Typing all day long, one has preferences.
I use linux and openbsd on thinkpads, with their respective built-in keyboard or an external ergodox/mouse set, all with the dvorak keyboard layout.
I mostly write in french and english.
The ergodox is fantastic and customizable just as much as one could wish for, thanks to their QMK firmware.
The built-in keyboard on thinkpad are great-ish but customization has to happen at the OS level.
I don't recall when I first started learning dvorak, most probably around 2003. It would take a few years until it became my main layout. I remember clearly that I was attracted then and maybe even today by everything not-shiny but better-even-if-not-used. "Toujours du coté des minorités".
I also chose linux, OpenBSD, handtool woodworking, film photo before it was cool and elitist, because it felt somehow rustic and good. Then it became a bit elitist and I stayed because it felt good?
Dvorak is a good alternative layout to QWERTY or in my case AZERTY. As everything keyboard, so things are meant to remain unchanged even if broken by design. I have no interest in layout theories nor in whether dvorak is actually better than X or Y. There are many alternatives to QWERTY and AZERTY today, with colemak, bépo, workman …
1.1 time and effort
Learning Dvorak wasn't quite as frustrating as learning to touch type which I did at the same time.
Dvorak is good for touch typing since it was designed to encourage this behaviour BUT:
- there is no proof that touch typing is inherently good for anything but productivity
- once your learned typing with 3 fingers, jumping around the keyboard at warp speed, touch typing with still hands is a bit weird and feels slow even if actually much faster. ENERGIZE.
- Dvorak was not designed for french, for coding, for gaming, for … it was optimized to type english words on a typewriter. Accents, CUA bindings, combos, … all these are not optimized.
On computers, I use dvorak. On mobile, I use either QWERTY or AZERTY. Sometimes, I need to type on AZERTY keyboards, and it's just fine. Weird how the brain works.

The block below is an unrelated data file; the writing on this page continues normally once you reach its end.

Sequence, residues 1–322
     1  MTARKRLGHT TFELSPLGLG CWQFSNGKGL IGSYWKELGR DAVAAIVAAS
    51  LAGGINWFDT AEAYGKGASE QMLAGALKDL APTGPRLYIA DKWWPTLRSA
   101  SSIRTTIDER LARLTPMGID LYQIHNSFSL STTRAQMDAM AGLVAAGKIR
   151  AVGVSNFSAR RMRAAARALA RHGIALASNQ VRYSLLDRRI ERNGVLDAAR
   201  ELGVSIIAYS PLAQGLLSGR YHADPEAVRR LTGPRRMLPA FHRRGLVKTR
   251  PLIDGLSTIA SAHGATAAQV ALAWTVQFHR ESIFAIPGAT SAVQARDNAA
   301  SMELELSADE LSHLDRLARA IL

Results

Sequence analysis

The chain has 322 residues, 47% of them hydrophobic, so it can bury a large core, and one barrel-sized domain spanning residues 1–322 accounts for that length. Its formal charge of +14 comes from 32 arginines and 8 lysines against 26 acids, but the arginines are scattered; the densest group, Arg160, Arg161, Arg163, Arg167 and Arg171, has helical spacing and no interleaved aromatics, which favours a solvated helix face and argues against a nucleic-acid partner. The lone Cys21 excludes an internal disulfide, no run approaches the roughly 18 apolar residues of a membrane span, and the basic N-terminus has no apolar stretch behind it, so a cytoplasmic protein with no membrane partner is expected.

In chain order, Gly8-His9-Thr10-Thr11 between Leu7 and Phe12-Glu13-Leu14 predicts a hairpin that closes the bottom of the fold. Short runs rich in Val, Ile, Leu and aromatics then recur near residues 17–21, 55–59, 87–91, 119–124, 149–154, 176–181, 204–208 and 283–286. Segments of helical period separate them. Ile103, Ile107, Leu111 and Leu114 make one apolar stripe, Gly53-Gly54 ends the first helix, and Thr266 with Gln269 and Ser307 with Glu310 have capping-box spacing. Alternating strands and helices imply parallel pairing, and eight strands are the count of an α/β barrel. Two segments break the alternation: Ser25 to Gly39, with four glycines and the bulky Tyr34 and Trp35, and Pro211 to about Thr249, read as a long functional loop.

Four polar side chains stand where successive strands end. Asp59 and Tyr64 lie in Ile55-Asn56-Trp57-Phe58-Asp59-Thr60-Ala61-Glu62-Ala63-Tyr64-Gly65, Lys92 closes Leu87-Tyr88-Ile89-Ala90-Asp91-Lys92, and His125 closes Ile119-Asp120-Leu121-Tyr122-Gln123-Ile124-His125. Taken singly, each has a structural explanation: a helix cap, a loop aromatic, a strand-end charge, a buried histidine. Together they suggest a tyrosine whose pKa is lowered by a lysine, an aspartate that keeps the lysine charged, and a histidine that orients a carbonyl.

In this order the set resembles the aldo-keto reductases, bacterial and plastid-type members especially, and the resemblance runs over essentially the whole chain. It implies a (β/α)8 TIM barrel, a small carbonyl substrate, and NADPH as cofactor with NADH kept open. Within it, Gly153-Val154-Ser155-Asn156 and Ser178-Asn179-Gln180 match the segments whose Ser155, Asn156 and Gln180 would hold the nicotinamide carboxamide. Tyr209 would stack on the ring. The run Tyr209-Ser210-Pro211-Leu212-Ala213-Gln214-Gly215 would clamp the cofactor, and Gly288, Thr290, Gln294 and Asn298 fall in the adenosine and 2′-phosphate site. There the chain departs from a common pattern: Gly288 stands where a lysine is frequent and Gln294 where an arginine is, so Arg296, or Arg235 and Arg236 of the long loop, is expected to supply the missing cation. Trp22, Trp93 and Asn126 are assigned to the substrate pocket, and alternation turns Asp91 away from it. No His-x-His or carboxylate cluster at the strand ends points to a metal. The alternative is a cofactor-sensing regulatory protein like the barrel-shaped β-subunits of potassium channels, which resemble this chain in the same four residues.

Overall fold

1.3 writing prose
In english, it's perfect. In french, it sucks the same way qwerty does, for accents.
Everything is just as useful as with qwerty, the same symbols are accessible in different places.
In vim, HJKL are scattered :( The rest is just as practical.
Get teensy loader to update the keyboard firmware : https://www.pjrc.com/teensy/loader_linux.html or install packages:
sudo apt-get install gcc unzip wget zip gcc-avr binutils-avr avr-libc dfu-programmer dfu-util gcc-arm-none-eabi binutils-arm-none-eabi libnewlib-arm-none-eabi teensy-loader-cli
Eventually update the udev rules:
wget https://www.pjrc.com/teensy/49-teensy.rules sudo cp 49-teensy.rules /etc/udev/rules.d/49-teensy.rules
Build the keymap using:
# make <keyboardname>:<keymapname> make ergodox_ez:dvorak_jeromenerf
teensy_loader_cli -mmcu=atmega32u4 -w ergodox_ez_dvorak_jeromenerf.hex
Of all the QMK firmware goodness, my favorite feature has to be the possibility to map different actions on a key, depending on whether it has been used in a combo or simply tap'd and released.
For instance, the
capslock key can be repurposed as both a
Escape on press and a
Control key when combo'ed with another.
doublekey programs are meant to replicate the ergodox firmware feature but I found them annoyingly introducing delays and inconvenience with other system tools, such
The ergodox keyboard, like many other split mechanical keyboard, features a thumb cluster of keys where the traditional typewriter inspired laptop keyboard only present the user with a large space bar, for the two most potent fingers.
I use the left thumb for
space/ALT (and an extra
SPACE/SHIFT) and the right one for
return/SHIFT and an extra
DEL on the ergodox and mimicked that on my laptop, repurposing the key right of spacebar to be an additional
return. I love it but I rarely use it actually, habits die hard.